Founding, expansion and influence[edit]

The Jesuit Volunteer Corps was founded and named by Jack Morris, S.J.[5] Morris had participated in the initial Copper Valley School project as a seminarian.[5] While Morris was working at Monroe Catholic High School in Fairbanks, Alaska, he learned about the progress of the Copper Valley School and saw the potential of the volunteers.[3] Morris recruited volunteers at Catholic colleges all over the United States, telling students that JVC was twice as old as the Peace Corps and ten times more rewarding.[3] His recruitment brochure called for those "young and old - with adult joy and adult stability. Men and women who dig in, work hard, laugh loud and often. Flexible enough to adjust to diverse companions, tasks and environments".[3] During this time, JVs lived on a budget of ten dollars per month.[3]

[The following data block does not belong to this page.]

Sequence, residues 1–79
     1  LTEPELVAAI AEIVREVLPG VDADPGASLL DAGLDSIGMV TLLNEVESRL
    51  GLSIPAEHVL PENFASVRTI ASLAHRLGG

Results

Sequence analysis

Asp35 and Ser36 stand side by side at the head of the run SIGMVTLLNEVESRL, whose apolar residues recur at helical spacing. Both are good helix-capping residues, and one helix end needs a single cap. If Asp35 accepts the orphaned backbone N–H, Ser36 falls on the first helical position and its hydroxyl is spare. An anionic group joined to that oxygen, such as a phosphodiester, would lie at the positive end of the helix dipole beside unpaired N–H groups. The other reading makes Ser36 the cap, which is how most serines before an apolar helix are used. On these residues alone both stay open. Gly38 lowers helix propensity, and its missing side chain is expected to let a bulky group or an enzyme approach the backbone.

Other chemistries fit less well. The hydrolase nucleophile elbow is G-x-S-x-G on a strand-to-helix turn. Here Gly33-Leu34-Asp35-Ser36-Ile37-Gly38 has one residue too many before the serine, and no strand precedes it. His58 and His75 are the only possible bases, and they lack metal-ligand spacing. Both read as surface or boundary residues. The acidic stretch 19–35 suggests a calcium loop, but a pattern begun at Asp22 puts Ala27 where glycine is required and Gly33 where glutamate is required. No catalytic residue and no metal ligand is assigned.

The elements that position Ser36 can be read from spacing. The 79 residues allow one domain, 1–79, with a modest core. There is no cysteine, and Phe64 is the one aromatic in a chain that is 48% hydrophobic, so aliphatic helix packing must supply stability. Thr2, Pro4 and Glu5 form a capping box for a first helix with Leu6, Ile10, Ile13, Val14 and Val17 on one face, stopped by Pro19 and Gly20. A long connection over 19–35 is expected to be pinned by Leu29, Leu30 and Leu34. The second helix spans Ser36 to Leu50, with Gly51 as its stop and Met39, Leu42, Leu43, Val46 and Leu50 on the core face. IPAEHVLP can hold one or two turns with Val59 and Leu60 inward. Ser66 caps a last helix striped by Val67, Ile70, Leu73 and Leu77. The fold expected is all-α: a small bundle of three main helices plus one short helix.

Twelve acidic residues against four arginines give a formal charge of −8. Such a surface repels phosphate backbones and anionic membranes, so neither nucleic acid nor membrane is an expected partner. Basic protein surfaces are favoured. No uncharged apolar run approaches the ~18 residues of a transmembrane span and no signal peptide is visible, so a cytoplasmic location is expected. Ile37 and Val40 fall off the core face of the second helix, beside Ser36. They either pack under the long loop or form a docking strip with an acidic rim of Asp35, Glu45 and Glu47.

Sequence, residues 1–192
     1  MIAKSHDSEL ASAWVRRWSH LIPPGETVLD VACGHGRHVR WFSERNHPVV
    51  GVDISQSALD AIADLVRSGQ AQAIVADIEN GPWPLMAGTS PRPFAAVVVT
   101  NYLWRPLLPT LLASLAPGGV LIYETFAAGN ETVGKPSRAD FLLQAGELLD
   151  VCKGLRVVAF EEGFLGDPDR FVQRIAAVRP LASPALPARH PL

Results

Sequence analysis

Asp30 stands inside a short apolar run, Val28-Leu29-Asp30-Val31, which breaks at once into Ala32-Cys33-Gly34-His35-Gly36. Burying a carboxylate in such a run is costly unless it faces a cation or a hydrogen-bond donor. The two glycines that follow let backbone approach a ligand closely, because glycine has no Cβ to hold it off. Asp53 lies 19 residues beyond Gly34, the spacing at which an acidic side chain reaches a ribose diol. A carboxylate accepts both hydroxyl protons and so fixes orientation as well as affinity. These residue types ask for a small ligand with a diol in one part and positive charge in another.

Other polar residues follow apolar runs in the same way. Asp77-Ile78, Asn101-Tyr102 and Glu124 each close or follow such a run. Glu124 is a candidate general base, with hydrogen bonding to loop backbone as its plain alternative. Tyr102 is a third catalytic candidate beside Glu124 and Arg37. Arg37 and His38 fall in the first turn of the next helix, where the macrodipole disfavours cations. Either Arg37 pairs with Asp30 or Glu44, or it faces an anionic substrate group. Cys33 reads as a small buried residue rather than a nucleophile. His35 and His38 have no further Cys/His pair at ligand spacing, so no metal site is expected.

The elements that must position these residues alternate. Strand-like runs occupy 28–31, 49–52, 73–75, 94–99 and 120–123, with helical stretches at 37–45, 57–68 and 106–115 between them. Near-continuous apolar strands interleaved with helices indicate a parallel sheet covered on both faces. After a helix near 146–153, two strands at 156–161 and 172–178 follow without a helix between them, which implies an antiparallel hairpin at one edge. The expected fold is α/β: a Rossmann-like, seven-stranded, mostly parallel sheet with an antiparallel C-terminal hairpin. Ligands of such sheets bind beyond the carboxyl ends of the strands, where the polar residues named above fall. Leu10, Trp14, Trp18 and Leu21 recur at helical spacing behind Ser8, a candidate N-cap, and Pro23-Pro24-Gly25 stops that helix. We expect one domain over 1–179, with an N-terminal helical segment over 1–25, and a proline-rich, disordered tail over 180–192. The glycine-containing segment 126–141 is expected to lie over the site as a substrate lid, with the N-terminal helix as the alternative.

In the 1960s, Jesuit Volunteers branched out of Alaska and into the Pacific Northwest, serving Native Americans as well as marginalized populations in the inner cities, with the support of the Society of Jesus.[2] JVs volunteered at St. Mary's Indian School on the Colville Indian Reservation in Northern Washington state.[3] In Alaska, by 1968, JVs outnumbered Jesuits.[3] JVs served in remote areas such as Nulato, Alaska.[3] The four values that became the movement's guiding principles were not formalized, but JVs lived by them.[4]

During this time, the JVC movement influenced other volunteer groups, including the Peace Corps.[2] Over two hundred volunteer programs have been modeled after JVC.[3]

National and international expansion[edit]